Anti-Racism Movement (ARM) was launched in 2010 as a grassroots collective by young Lebanese feminist activists in collaboration with migrant workers and migrant domestic workers, following a racist incident at one of Beirut’s most well-known private beach resorts (Sporting Club). ARM activists, using a hidden camera, filmed the administration’s blatant acts of discrimination and segregation. The video quickly spread online, and ARM’s efforts to bring this issue to light were lauded by many. Interest grew in this small volunteer-based movement, members increased, and our projects grew in scope and scale. In 2012, ARM became a registered NGO with full and part-time staff in order to increase its capacity to carry out more projects to fight racist discrimination and abuse in Lebanon. Building on our philosophy that recognizes the importance of community-building work, ARM created the Migrant Community Centers (MCCs) which grew from one small center in 2011 in Beirut to centers in three major cities by 2016, in addition to a Sunday educational space.
We do most of our work through the centers in direct collaboration with migrant workers, especially migrant domestic workers. The MCCs are free and safe spaces tailored to migrant workers and evolving according to their needs, where they can meet, learn new skills, work together, and access information, resources and assistance. Since their creation, they have been offering free classes and other educational, social, and capacity-building activities, such as language classes, computer classes, health awareness sessions, rights education, advocacy training, cultural exchange events, social gatherings, and various holiday celebrations. The MCCs also serve as a hub where initiatives are launched, a space to have celebrations and get-togethers, and a casual space for migrant workers to spend time with each other. MCC’s operations are run by general coordinators and migrant community leaders, in collaboration with members of ARM.
ARM’s mission is to decrease racist discrimination and abuse in Lebanon on the social and institutional levels by advocating for changes in the systems that perpetuate racist exploitative practices, through sensitization, awareness raising, advocacy, and community building for more just social and institutional frameworks in Lebanon. The main focus of this work is on migrant domestic workers and to a lesser extent on all migrant workers. The MCCs’ mission is to make meaningful improvements in the quality of life of migrant workers in Lebanon and their capacity to self-advocate to advance their socio-economic rights, and to contribute to a strong and powerful migrant civil society, with a focus on women as leaders of change.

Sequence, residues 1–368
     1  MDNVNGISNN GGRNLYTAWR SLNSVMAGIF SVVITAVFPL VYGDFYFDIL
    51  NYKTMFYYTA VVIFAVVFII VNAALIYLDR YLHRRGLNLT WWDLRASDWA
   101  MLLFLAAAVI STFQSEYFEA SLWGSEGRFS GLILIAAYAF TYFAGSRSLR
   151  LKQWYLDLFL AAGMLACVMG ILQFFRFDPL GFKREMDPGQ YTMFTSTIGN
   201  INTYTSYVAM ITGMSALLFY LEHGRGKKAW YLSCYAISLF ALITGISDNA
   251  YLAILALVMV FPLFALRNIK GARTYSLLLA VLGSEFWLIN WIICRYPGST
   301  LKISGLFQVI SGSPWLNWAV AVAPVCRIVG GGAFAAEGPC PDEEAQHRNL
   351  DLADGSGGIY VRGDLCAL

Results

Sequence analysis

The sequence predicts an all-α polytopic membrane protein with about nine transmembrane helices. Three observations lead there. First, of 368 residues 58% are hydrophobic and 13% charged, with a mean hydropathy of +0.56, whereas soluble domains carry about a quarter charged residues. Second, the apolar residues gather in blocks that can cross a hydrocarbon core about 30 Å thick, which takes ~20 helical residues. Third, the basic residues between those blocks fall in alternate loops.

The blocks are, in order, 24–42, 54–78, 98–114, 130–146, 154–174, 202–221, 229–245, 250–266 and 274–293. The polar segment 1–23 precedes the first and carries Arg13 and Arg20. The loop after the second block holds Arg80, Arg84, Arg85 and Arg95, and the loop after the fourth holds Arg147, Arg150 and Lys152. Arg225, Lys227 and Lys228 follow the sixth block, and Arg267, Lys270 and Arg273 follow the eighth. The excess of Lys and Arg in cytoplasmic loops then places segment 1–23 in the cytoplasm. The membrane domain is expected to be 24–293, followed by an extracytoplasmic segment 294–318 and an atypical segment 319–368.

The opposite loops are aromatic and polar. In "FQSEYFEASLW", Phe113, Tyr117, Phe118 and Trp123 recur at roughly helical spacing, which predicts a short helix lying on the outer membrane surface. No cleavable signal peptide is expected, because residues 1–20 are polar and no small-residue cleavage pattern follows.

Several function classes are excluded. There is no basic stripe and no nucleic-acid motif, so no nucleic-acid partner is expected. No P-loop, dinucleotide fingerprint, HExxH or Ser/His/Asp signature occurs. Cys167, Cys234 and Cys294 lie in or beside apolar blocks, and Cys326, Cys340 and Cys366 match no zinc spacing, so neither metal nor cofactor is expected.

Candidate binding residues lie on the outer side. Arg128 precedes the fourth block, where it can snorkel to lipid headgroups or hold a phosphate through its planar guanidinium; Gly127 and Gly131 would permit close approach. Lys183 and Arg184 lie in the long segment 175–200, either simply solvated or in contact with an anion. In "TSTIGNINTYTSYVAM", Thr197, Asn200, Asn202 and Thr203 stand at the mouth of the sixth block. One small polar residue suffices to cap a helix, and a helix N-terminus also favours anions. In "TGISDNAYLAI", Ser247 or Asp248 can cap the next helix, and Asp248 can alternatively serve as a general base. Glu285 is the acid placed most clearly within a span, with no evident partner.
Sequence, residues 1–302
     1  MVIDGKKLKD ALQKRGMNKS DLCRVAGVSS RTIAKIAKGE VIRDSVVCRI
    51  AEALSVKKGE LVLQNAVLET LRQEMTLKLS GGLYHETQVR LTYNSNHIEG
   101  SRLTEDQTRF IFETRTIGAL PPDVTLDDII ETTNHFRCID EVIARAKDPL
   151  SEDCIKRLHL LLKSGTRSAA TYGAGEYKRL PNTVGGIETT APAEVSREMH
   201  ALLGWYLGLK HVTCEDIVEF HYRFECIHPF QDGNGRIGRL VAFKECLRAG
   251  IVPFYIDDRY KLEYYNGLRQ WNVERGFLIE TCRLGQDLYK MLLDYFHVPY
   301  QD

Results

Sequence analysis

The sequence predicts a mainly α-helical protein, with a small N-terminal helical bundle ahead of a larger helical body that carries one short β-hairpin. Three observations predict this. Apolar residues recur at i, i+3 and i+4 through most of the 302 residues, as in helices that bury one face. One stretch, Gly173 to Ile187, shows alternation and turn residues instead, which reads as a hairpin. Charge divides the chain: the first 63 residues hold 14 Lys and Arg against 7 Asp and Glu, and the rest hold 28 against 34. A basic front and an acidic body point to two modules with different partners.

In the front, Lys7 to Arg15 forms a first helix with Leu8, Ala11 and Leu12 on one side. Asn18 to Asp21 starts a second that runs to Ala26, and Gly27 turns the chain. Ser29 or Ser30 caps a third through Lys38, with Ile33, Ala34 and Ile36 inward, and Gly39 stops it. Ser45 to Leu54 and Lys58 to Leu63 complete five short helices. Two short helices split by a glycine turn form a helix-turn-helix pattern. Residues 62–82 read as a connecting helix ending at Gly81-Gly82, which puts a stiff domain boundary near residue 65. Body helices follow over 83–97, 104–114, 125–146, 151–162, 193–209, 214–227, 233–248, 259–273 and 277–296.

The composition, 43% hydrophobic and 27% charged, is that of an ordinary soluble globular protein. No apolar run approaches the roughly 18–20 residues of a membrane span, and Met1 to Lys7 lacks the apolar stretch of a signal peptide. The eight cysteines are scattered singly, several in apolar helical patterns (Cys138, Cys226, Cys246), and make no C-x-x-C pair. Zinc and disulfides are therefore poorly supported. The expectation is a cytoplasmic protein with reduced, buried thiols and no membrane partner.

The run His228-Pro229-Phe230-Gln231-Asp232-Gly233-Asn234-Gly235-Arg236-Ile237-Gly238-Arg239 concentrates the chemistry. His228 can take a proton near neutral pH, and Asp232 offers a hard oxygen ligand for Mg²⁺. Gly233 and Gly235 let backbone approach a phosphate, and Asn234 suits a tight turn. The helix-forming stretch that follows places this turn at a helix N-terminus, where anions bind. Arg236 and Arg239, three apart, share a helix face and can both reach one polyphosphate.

Our main fields of intervention in Lebanon include working with migrant dometic workers (MDWs), migrant workers (MWs), Sudanese refugees, children of migrant domestic workers, relevant governmental ministries and policymakers, media institutions, schools, universities, civil society/international/intergovernmental organizations, local activists, and more broadly inflencing the general population through our advocacy campaigns and activities. The main strategies we use in our intervention include: providing resources that sustain MDW community networks and support/empower MWs, MDW activists & MDW-centered initiatives; mobilizing collaboration between local activists and MDWs; developing strong advocacy activities and campaigns for structural change; and collaborating with media, researchers, and educational institutions against racist abuse and exploitation in Lebanon.
Our theory of change shifts the positionality of migrant workers from beneficiaries and recipients of services to leaders and agents of social change in Lebanon. The MCCs provide the space, tools, resources, and capacity for MWs to self-organize and lead awareness and rights-based campaigns in order to help end discrimination and exploitation, and guarantee protection, rights, and access to justice. In parallel, ARM’s advocacy efforts tackle social issues related to racism, and aim to shift social norms by stigmatizing undesirable attitudes and behaviors, and building support for policy change.